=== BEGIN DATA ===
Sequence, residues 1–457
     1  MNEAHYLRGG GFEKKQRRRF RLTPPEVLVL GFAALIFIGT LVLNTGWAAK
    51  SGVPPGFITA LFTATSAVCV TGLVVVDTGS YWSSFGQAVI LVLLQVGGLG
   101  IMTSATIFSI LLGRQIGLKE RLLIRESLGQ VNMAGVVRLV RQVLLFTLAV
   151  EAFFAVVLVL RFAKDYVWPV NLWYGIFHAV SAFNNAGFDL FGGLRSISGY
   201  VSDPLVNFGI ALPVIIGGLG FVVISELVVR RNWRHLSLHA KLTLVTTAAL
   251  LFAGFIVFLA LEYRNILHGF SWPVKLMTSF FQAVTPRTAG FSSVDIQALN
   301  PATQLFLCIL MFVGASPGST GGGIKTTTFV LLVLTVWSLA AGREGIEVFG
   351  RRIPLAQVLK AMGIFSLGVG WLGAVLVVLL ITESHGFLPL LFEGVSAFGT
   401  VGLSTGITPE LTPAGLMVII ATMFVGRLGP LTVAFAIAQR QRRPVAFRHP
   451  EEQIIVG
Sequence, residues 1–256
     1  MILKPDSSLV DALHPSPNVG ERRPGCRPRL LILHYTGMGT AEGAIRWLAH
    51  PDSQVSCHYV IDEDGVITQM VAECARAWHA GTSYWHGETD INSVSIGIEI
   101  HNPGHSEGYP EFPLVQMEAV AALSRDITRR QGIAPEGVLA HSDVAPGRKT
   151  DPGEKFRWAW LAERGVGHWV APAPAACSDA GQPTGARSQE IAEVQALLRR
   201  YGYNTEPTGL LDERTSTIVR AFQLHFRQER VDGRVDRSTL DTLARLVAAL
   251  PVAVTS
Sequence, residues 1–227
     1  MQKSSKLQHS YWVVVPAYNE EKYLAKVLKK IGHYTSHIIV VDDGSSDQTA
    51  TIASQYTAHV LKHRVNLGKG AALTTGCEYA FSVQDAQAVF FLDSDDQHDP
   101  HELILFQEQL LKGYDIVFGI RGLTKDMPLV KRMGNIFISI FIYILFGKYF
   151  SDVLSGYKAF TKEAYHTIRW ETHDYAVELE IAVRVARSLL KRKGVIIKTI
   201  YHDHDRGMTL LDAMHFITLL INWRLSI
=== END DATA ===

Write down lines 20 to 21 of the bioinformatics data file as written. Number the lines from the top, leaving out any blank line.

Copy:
     1  MQKSSKLQHS YWVVVPAYNE EKYLAKVLKK IGHYTSHIIV VDDGSSDQTA
    51  TIASQYTAHV LKHRVNLGKG AALTTGCEYA FSVQDAQAVF FLDSDDQHDP